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Very Real

Trinidad And Tobago Close To Decriminalizing Homosexuality

A judge declared that laws criminalizing same-sex relationships are unconstitutional. 

By Sharon Lynn Pruitt

Trinidad and Tobago made huge progress in the realm of LGBTQ rights last week.

Trinidad and Tobago’s High Court ruled on Thursday that colonial-era laws banning adult same-sex activity are unconstitutional, according to The Huffington Post. Prior to the ruling, same-sex activity could have resulted in serious jail time. The country’s Sexual Offenses Act previously stated that “buggery,” or anal sex, could be met with 25 years in prison, while an act of “serious indecency,” or sexual acts other than intercourse, could result in five years in prison, NBC News reports.

The ruling comes after LGBTQ advocate Jason Jones filed a lawsuit against the government of Trinidad and Tobago, arguing that some of the laws covering same-sex relationships were a violation of his right to privacy and freedom of thought and expression, according to the Jamaica Observer.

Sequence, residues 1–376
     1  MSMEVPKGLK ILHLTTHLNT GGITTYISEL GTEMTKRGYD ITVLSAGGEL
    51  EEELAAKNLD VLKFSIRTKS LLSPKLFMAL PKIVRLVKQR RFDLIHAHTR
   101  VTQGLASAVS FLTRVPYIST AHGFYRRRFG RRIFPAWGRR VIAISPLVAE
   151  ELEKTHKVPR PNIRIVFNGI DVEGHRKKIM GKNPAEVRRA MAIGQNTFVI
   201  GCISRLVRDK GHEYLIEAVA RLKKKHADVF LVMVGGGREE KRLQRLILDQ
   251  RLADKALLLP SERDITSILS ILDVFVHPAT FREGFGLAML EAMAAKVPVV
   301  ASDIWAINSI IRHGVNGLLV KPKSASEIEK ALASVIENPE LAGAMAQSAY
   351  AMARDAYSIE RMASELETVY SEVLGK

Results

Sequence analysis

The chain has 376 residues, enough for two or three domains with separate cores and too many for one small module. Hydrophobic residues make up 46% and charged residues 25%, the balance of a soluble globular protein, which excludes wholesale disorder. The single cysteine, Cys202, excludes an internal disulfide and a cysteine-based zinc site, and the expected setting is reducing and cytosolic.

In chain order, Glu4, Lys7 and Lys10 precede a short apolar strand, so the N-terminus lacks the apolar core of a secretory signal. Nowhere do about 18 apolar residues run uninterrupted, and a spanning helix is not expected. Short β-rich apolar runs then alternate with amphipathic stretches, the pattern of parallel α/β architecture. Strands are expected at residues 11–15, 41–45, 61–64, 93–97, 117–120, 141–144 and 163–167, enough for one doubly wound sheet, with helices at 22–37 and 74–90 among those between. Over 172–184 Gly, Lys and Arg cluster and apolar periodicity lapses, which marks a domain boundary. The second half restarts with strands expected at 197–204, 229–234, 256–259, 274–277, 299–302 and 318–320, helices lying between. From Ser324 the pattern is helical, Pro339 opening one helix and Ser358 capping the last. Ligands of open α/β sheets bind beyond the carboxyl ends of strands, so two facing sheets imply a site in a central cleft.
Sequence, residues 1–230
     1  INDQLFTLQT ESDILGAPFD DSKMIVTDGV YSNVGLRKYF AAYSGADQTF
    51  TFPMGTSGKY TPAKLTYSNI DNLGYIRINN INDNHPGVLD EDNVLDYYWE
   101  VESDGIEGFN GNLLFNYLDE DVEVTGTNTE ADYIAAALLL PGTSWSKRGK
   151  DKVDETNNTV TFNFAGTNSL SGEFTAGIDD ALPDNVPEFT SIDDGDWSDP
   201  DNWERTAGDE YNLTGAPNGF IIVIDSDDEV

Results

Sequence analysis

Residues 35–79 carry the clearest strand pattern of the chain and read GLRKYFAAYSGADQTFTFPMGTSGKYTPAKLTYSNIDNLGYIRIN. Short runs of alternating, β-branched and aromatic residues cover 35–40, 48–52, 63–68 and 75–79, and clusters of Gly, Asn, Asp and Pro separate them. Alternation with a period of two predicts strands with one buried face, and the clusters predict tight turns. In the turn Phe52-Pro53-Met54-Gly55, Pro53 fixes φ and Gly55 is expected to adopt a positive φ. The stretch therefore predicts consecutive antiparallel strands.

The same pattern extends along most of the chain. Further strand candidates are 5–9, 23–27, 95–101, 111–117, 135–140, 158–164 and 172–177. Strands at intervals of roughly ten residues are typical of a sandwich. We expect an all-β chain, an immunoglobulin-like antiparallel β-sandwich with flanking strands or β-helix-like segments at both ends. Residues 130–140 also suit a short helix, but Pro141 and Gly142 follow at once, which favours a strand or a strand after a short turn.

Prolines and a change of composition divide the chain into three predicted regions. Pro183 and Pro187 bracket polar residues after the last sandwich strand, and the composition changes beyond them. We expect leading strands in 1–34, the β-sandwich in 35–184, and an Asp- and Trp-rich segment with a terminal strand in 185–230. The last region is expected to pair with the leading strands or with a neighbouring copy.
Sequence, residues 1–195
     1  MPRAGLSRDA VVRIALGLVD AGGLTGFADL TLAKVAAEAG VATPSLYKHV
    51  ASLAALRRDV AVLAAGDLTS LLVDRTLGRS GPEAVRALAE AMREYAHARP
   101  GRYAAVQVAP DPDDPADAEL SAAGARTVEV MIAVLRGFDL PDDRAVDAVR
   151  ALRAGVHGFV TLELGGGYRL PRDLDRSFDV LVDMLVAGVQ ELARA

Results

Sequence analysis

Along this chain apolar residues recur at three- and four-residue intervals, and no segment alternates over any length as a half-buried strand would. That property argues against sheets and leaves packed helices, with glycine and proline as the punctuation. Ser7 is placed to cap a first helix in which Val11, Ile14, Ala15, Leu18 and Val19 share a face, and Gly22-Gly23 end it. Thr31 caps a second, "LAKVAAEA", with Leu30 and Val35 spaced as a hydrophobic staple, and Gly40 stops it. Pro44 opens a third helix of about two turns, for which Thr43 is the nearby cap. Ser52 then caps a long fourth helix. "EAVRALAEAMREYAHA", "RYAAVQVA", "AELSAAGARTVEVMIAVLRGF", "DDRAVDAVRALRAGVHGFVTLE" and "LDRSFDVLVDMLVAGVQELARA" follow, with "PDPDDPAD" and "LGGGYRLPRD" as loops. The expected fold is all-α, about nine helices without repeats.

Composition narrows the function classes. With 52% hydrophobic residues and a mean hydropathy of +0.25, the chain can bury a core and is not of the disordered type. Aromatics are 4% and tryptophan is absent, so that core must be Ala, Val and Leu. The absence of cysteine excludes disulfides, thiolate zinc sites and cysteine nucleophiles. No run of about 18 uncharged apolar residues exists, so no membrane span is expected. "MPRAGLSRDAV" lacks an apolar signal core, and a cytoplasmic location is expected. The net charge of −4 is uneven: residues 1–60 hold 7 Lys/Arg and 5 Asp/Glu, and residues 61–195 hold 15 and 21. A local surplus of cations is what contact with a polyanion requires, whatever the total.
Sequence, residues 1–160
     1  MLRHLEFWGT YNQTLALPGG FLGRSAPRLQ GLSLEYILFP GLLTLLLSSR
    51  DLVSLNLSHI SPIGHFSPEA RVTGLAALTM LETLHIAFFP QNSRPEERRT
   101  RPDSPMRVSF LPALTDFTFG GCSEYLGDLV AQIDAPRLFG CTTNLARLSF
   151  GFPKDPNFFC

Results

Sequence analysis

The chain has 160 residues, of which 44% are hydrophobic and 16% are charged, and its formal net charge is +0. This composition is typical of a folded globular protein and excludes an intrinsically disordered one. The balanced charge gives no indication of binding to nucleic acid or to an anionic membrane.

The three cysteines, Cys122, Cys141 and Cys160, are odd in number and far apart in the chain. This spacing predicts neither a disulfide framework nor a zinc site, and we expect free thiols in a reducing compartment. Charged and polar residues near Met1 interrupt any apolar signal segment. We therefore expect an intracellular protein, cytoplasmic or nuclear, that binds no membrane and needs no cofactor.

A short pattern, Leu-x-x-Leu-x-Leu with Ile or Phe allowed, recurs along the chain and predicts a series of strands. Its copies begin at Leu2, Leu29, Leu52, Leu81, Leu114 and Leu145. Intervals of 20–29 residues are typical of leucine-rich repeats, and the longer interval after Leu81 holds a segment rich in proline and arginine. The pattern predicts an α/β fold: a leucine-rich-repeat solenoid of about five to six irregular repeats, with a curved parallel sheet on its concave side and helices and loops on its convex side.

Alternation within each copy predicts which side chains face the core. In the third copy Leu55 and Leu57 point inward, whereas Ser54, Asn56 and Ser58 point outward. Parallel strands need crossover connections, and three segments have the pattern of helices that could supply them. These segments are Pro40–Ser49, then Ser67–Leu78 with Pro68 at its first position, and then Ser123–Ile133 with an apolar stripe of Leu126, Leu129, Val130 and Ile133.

Kenita Placide, a Caribbean adviser for LGBTQ human rights group OutRight Action International, applauded Judge Rampersad’s decision in a statement.

“The judge came down on the right side of history in this case by striking down the buggery law and ruling it as unconstitutional,” Placide told NBC News. “The activism and advocacy will continue in Trinidad and Tobago and across the Caribbean until equality for LGBTQ people is guaranteed.”

Final judgment on the issue will be made in July, NBC News reports.

(Photo: A rainbow, heart-shaped balloon floats in the clear blue sky. By Kelly Bowden/Getty Images)